To use the environment variable script code on a different node, you'll need to set the environment variables on that node. You can dump the code by using the Set command and Findstr to search for the prefix characters you used. For example, for variables that use the underscore as the prefix character, I've used the command

Set | Findstr /B "_">D:\EVsnippets\code.txt

Use single percent signs (%) for your iterators, as you would when running the code from a command prompt. Use the caret character (^) to escape any reserved characters in your code. You'll need to use this character to replace the ampersand (&) in chained commands as well as using it in For commands. See the _ParseInputFile and _PingNodes variable values in Table 1 for examples. Also, place spaces before and after any chained commands by using the ^|^| or ^&^& or ^& character combinations.

If you use a non-built-in tool or command such as Dsquery (which I use in my example) inside your code, either verify that the utility is in the path or specify the full path to the utility. To use a variable inside a For command to specify a filename, use a command such as Type or Echo to extract the variable value. For example, the following shorthand code snippet will succeed because I used the Type command to extract the %InFileName% variable:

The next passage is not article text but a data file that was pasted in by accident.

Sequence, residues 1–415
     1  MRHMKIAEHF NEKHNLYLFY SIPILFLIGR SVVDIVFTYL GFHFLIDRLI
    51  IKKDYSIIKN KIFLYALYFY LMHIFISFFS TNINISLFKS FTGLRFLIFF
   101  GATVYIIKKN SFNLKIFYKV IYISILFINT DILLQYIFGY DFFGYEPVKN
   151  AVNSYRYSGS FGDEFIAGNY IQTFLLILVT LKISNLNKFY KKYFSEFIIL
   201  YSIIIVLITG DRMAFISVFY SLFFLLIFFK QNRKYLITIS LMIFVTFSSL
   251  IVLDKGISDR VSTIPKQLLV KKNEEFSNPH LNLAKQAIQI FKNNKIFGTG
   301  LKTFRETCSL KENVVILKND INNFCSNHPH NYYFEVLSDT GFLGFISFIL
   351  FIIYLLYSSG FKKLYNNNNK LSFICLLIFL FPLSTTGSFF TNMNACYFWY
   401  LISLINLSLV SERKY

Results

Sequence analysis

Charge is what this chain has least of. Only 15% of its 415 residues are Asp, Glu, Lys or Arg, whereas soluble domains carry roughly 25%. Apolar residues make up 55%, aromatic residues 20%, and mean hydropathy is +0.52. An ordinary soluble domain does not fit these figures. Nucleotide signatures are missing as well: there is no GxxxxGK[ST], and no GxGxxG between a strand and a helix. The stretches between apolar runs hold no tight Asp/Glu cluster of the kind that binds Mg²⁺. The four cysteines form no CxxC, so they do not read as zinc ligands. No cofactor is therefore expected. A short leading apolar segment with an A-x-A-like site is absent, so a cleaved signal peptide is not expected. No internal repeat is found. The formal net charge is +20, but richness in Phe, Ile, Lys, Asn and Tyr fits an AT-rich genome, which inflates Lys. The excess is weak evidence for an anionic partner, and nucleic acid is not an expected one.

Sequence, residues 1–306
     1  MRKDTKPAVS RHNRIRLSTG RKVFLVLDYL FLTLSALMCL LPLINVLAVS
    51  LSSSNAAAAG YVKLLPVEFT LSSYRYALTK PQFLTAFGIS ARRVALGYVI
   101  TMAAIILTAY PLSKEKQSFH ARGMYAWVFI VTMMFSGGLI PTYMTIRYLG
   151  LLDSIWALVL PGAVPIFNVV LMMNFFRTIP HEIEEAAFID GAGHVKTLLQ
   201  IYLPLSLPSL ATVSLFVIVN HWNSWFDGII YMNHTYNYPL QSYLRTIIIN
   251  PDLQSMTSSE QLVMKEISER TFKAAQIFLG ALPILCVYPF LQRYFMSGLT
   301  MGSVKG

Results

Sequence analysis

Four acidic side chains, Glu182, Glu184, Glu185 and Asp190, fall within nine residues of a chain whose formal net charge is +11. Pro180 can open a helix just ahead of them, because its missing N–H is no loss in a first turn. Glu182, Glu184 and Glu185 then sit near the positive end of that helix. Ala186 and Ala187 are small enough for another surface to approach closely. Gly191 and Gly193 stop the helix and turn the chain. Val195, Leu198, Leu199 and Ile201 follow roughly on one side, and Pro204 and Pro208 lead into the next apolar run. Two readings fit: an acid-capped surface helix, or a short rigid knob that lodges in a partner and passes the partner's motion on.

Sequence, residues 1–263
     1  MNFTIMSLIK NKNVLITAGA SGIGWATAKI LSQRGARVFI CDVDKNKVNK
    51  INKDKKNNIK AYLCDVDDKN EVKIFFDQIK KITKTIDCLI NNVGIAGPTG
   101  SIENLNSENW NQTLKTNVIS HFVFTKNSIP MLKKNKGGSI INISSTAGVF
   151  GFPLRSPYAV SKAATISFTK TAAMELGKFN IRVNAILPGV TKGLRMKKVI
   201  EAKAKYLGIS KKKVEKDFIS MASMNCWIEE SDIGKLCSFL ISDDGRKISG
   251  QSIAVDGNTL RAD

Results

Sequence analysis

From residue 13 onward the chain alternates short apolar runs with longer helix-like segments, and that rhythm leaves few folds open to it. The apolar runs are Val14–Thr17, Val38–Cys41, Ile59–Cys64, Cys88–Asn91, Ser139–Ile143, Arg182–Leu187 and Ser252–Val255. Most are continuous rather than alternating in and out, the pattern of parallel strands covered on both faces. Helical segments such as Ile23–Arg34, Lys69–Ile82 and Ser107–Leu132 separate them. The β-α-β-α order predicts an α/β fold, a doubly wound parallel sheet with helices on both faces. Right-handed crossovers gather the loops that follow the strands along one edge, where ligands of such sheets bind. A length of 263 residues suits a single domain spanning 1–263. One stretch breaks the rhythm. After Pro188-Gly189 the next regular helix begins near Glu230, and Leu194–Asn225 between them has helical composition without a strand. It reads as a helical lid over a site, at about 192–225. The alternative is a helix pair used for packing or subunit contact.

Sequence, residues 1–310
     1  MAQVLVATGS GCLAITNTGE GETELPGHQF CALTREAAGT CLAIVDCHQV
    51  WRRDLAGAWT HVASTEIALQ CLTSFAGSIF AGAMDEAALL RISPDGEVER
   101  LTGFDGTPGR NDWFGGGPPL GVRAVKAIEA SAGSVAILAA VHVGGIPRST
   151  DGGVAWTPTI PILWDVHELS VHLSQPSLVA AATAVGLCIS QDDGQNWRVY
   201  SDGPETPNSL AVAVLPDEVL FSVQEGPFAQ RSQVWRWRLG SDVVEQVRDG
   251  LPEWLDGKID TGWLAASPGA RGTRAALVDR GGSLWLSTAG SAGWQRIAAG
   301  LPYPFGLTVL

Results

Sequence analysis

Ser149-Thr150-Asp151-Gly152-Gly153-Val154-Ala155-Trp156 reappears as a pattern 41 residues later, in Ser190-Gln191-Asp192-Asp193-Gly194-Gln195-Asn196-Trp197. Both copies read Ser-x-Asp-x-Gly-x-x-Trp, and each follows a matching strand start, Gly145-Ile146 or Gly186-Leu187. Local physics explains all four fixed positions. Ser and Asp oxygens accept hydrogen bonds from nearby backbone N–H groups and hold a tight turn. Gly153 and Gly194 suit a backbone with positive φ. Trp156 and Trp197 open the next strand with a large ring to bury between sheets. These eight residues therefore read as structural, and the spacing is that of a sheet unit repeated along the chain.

For /F "tokens=*" %i in ('Type "%dirloc%\%InFileName%"') do (Set line=%i) ^& (Call :Next)5

Fast and Easy
I tested the code in this article on Windows 2003, XP Service Pack 1 (SP1), and Win2K (both Professional and Server) SP4. You can download the sample scripts EVcommandsPingFromList.bat and EVcommandsPingFromOUquery.bat—as well as EVcode.txt, which contains the five sample environment variable commands—from the Windows Scripting Solutions Web site (enter InstantDoc ID 45147, then click the hotlink).

Now you have a new way to use environment variables to store basic code modules. You can add your own code to the sample code modules that I've included here, then build your own library of environment variable shorthand commands. Reusing code that you've already developed and debugged should make it easier and quicker to create scripts.